The arts only ever lend to projects of domination or emancipation what they are able to lend to them, that is to say, quite simply, what they have in common with them: bodily positions and movements, functions of speech, the parcelling out of the visible and the invisible. – Jacques Ranciere, from The Politics of Aesthetics
In a series of works translated into English over the past decade, the French philosopher Jacques Ranciere has argued for a renewed sense of the political power of aesthetics. Building upon Walter Benjamin’s critique of “the aestheticization of politics,” outlined in Benjamin’s famous essay on “The Work of Art in the Age of Mechanical Reproduction,” Ranciere tries to imagine an art that is politicized, not by the appeals to imagination and representation in the democratic ideal of “consensus,” but by its ability to make visible the forms of “dissensus” on which any democratic vision is based. Against Plato’s expulsion of the poets from the city-state in the Republic, Ranciere attempts to put the artist back in the middle of our political lives. Art, for Ranciere, re-distributes our sensibilities for democratic and communitarian purpose, rather than simply reflecting what they should or shouldn’t be.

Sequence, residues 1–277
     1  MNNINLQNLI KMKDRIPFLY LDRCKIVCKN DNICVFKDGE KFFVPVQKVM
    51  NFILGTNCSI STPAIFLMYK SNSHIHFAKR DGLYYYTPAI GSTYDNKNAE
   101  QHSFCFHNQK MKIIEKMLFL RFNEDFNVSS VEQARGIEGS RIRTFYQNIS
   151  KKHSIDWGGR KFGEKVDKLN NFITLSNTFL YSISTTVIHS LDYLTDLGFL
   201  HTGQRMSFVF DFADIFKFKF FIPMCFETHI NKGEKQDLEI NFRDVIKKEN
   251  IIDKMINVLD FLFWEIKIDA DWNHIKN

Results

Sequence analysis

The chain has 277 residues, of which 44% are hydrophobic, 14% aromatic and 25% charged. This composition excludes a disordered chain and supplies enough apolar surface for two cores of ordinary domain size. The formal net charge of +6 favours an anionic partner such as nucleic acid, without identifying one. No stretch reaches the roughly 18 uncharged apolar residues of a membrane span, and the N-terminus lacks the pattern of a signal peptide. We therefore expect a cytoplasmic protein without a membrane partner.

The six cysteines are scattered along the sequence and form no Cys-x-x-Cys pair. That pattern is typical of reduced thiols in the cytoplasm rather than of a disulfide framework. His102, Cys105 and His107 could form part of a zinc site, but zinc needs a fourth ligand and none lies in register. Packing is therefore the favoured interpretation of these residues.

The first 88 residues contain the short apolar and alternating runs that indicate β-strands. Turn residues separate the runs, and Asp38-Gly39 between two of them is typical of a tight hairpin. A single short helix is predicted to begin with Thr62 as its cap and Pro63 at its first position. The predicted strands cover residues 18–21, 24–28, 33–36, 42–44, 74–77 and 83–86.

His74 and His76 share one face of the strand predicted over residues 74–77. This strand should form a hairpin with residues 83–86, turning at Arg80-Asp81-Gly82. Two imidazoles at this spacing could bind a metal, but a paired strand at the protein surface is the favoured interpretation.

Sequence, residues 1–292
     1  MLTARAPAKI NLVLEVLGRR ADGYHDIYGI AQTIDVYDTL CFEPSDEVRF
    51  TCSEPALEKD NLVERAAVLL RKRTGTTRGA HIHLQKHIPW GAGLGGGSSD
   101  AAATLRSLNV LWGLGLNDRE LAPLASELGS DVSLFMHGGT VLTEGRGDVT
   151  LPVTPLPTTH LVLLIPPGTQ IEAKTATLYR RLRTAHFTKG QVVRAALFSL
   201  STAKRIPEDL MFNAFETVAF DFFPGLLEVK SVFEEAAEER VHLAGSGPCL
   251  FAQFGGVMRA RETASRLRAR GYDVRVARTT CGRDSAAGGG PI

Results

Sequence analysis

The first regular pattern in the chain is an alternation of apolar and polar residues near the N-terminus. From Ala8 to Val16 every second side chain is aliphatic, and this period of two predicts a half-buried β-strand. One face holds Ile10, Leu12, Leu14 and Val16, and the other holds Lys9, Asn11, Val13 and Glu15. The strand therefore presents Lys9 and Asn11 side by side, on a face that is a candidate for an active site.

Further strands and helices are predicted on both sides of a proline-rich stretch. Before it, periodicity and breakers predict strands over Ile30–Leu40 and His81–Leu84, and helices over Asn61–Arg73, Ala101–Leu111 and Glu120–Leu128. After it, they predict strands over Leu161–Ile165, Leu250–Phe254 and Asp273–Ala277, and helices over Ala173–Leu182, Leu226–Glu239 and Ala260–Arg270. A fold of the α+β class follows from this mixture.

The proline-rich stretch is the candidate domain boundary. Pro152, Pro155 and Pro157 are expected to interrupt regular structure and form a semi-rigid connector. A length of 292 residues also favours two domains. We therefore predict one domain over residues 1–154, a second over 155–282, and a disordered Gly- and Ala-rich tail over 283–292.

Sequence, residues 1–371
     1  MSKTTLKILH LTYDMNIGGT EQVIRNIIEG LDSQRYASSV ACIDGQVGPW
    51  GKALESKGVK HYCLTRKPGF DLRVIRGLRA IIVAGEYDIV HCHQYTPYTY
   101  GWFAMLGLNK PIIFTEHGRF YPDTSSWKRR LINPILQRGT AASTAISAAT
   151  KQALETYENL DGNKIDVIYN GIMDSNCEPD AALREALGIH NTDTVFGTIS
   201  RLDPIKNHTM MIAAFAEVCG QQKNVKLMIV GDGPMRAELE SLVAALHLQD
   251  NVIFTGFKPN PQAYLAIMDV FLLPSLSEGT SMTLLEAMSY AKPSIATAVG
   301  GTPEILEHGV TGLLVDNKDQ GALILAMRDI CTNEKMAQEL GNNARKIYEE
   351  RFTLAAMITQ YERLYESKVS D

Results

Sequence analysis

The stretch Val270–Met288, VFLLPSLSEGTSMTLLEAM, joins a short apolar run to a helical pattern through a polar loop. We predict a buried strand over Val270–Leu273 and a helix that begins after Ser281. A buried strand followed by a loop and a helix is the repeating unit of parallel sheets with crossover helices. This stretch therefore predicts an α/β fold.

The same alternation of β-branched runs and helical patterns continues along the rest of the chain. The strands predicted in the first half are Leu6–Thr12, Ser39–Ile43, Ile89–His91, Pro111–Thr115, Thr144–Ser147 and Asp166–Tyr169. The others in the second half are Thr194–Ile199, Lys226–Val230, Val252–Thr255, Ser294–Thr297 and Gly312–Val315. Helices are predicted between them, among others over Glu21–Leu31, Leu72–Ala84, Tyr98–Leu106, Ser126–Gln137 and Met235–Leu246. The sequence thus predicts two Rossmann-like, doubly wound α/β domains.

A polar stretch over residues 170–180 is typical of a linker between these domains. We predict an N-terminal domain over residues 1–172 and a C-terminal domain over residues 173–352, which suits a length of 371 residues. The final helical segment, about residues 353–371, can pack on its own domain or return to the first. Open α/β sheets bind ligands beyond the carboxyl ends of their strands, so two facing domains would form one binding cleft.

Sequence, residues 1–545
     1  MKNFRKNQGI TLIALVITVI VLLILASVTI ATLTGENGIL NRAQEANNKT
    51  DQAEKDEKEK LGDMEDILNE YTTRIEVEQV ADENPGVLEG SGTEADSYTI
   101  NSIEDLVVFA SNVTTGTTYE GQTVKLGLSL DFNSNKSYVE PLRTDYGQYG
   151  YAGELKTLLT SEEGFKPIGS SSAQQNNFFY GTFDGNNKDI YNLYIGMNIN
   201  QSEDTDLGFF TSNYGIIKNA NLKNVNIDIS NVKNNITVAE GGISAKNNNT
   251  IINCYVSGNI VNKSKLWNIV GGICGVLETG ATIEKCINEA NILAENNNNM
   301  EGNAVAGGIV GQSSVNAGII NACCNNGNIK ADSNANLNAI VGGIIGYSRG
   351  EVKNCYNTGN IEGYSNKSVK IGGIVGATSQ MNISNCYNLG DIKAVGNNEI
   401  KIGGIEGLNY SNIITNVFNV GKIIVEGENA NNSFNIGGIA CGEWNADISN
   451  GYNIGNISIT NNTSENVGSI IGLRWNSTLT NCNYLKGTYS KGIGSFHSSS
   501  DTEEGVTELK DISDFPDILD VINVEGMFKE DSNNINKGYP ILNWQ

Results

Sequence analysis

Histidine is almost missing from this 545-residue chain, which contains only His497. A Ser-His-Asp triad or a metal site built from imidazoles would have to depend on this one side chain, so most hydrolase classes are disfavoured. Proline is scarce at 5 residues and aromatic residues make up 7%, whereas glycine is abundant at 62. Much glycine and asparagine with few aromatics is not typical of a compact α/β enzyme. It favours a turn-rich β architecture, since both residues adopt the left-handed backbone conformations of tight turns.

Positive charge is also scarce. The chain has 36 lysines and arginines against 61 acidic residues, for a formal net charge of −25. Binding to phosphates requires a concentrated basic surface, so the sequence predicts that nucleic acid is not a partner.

I have to confess that I often have a hard time understanding what Ranciere is up to. How, exactly, does art make us attuned to dissenting voices when, in America, contemporary art or poetry is easily co-opted by technology and capitalism? Why is democracy the question to consider about the politics of art in the 21st century? Why not violence, totalitarianism, ecology, or any of the other myriad forms of political and community engagement?
These questions are simply and quickly put to rest by Alison Klayman’s new documentary on the work of Chinese artist and dissident, Ai Weiwei.